The purpose of this study was to explore how students with high- and low-prior-knowledge employed multiple representations in argumentation evaluation and generation tasks. The argumentation performance and eye-movement behaviors of 96 college students in these tasks were investigated. The number of participants who proposed complex argumentation levels and the argumentation accuracy was higher in the high-prior-knowledge group than in the low-prior-knowledge group. Moreover, the high-prior-knowledge group demonstrated greater eye-movement transitions between representations compared with the low-prior-knowledge group. Both groups had greater transitions in the generation task than the evaluation tasks. The high-prior-knowledge group distributed attention to representations with more flexibility, revealing that they were more aware of the task requirements and more able to employ multiple representations for arguments. In the argumentation evaluation tasks, the high-prior-knowledge group performed referencing behaviors in the reading sequences between representation text and equation and between representation table and figure, whereas the low-prior-knowledge group was inclined to look back and forth between representation text and table. In the argumentation generation task, the two groups displayed similar reading sequences. It indicated that learners with higher knowledge may perceive the similarity between homogeneous representations and constrained interpretations of the complex representations by using easier representations, or further integrated representations to achieve deeper understanding, which then improved their argumentation performance. The implications of instructions for improving learners' argumentation skills in a multirepresentational display are discussed.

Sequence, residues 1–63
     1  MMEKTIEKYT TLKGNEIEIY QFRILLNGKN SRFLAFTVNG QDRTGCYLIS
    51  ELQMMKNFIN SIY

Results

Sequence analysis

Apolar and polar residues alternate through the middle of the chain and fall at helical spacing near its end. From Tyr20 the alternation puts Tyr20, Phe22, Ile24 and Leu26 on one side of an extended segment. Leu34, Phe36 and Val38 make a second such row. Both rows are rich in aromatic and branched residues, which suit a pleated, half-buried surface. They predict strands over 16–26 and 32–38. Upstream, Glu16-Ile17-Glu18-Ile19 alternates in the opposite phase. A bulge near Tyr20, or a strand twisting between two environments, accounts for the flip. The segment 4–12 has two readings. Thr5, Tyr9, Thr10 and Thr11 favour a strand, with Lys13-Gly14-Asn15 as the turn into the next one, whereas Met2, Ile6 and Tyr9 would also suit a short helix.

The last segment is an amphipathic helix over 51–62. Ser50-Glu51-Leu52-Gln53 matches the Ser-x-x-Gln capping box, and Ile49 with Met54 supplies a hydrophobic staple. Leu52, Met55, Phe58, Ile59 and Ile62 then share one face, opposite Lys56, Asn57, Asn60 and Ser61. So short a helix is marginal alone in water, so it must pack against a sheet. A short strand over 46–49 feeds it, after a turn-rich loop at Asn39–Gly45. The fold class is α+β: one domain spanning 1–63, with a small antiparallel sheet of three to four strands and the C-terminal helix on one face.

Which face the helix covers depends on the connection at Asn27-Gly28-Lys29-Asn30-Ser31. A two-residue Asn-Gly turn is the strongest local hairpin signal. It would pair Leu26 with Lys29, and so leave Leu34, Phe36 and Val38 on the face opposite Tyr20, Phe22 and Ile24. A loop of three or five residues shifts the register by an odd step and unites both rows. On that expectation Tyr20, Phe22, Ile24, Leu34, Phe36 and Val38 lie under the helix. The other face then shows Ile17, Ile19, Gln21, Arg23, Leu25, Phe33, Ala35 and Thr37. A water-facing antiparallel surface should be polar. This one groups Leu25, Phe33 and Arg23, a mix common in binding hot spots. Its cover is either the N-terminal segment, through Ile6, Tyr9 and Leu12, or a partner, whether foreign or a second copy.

|Journal||Physical Review Physics Education Research|
|Publication status||Published - 2021 Apr 16|
ASJC Scopus subject areas
- Physics and Astronomy(all)